PHP strip_tags not a complete protection against XSS (Repost From Archive)

PHP strip_tags not a complete protection against XSS” was originally written by Dan Guido when he was a student in the ISIS Lab.

On August 13th .mario, a high-profile member of the forum, alerted me to a XSS issue on the CSAW registration form. I had previously looked through the code and concluded it was safe based on this block of filtering code included at the top of the page:

//don't use this script!
foreach ($_COOKIE as &$cookie) {
  $cookie = trim(strip_tags(@mysqli_real_escape_string($mySQL, $cookie)));
foreach ($_POST as &$post) {
  if (is_array($post)) {
    foreach ($post as &$_post) {
      $_post = trim(strip_tags(@mysqli_real_escape_string($mySQL, $_post)));
  else {
    $post = trim(strip_tags(@mysqli_real_escape_string($mySQL, $post)));

Additionally, the registration script limits sources of user controllable input by only ever using the POST and COOKIE superglobals.

This script eliminates potential SQL injections by calling mysqli_real_escape_string on all user input. The *_real_escape_string functions in PHP are the only safe way to prevent SQL injection attacks as there are ways to sneak attacks by the [deprecated] *_escape_string and addslashes functions, for example, with different character encodings.

After being processed by mysql_real_escape_string, all user input is then filtered through strip_tags, a function which one might think would prevent cross-site-scripting attacks by completely removing any HTML and PHP tags it finds. strip_tags works through many different encodings and very effectively strips tags, however, seasoned web hackers will be saying at this point “there are other ways to inject javascript without tags!” and they would be right.

The easiest way to avoid strip_tags is to inject a quote to close the current attribute, create a giant block with a new CSS style attribute, and make it evaluate javascript onmouseover. Using an example from the forum and .mario himself:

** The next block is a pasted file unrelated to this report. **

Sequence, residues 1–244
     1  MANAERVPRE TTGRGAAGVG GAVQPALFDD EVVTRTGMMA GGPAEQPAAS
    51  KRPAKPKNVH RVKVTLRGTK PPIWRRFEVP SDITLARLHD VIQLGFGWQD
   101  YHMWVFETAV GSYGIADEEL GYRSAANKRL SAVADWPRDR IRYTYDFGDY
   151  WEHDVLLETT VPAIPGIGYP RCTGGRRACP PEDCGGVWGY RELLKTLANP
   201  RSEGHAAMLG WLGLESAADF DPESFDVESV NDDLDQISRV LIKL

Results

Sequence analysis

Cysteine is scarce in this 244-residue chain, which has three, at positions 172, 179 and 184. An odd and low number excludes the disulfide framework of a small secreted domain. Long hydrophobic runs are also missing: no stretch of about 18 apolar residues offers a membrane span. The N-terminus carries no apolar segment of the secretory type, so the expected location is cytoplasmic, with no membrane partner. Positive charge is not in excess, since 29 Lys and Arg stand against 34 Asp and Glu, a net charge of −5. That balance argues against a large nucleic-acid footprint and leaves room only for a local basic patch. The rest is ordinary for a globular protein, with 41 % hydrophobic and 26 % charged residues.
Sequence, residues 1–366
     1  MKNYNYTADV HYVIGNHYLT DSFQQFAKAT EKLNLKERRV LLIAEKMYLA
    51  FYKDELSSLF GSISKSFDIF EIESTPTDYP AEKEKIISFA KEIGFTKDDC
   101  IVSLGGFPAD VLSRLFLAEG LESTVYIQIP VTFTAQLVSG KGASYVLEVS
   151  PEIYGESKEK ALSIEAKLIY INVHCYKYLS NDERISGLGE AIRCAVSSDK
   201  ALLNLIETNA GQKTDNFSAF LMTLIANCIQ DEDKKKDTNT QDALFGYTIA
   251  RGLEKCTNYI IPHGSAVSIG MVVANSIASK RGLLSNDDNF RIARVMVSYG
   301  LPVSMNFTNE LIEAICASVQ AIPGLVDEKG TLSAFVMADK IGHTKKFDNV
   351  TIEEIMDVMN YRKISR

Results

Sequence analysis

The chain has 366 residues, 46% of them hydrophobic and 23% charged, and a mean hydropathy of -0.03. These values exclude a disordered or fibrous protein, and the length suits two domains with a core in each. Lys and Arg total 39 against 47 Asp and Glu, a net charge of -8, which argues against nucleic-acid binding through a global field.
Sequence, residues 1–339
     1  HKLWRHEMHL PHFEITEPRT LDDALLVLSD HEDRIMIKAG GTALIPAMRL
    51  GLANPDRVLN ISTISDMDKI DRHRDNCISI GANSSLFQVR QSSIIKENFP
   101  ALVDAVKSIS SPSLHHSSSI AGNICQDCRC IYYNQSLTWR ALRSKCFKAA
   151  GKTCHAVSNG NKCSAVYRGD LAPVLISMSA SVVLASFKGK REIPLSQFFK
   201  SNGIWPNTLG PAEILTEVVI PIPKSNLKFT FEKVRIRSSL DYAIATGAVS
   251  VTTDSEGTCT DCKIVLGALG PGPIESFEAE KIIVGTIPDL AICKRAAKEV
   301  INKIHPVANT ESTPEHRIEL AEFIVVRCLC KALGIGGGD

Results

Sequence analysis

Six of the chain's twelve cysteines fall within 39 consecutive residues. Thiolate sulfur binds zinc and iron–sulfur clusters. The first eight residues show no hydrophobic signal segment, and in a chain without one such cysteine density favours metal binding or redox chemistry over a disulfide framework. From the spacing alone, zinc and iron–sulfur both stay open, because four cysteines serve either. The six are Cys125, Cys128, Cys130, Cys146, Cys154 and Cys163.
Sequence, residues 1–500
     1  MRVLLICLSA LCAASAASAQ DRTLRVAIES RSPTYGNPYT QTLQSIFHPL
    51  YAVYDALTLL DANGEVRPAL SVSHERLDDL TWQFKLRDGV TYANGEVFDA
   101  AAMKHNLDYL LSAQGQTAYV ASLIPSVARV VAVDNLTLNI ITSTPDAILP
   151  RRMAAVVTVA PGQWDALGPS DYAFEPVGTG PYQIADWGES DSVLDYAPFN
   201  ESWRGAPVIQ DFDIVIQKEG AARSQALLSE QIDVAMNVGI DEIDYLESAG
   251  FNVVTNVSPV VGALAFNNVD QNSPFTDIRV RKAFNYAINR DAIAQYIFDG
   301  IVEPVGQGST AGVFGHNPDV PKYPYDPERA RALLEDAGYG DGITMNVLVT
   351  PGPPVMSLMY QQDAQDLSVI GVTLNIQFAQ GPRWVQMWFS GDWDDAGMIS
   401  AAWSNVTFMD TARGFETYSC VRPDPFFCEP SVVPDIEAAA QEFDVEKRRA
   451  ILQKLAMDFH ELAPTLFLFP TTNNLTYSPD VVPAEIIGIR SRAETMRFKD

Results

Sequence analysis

" onwhatever=alert(1) a="

This accomplishes the goal of injecting javascript into the target application without creating any additional HTML or PHP tags, and strip_tags won’t pick it up!

I asked .mario if he would be kind enough to provide us with a proof of concept that would work specifically in the context of the CSAW registration page. He did not disappoint and PM’d me the following attack string:

`***”style=”a:b;margin-top:-1000px;margin-left:-100px;width:4000px;height:4000px;display:block;”onmouseover=alert(/XSS/[-1]);eval(name) a=”***content,post`

** This has been URL decoded. ** For the original, please see


His attack utilizes a service Giorgio Maone wrote (the name.xss part of the URL) to launch XSS attacks on websites that limit user input to parameters other than GET, as ours does. The attack works as I described above, by adding new attributes into the existing tag and creating a large CSS block that triggers javascript onmouseover. Interestingly, this complicated attack string is processed as javascript by all the major browsers including IE8, Firefox 3, Opera 9.51, and Safari 3! I was really impressed.

After verifying the PoC, I made a small addition to our filtering script to prevent this attack by adding an htmlentities function call to each iteration of the two loops. This isn’t the best solution as it escapes input more than is necessary and I didn’t have a chance to bug test it much at all. A better solution can be found in the same forum post I found the attack string in:

…the best practice is IMHO:

Input -> Validate -> Filter (CRLF, Ctrl-Chars) -> Escape -> Store -> Encode (Just the characters you need to encode) -> Output

Validation can be done via type check or regex, for filtering the ord() method does a great job, escaping is done by mysql_(real)_escape_string() and encoding is done by correctly parametrized htmlentities().

We’ll be looking into ways to rewrite our filtering script according to this advice, and also at PHP-IDS, as a way to prevent these types of issues in the future.

Thanks .mario!

EDIT 08/17/2008: I incorrectly attributed the name.xss bridge to mario. It is actually the creation of Giorgio Maone.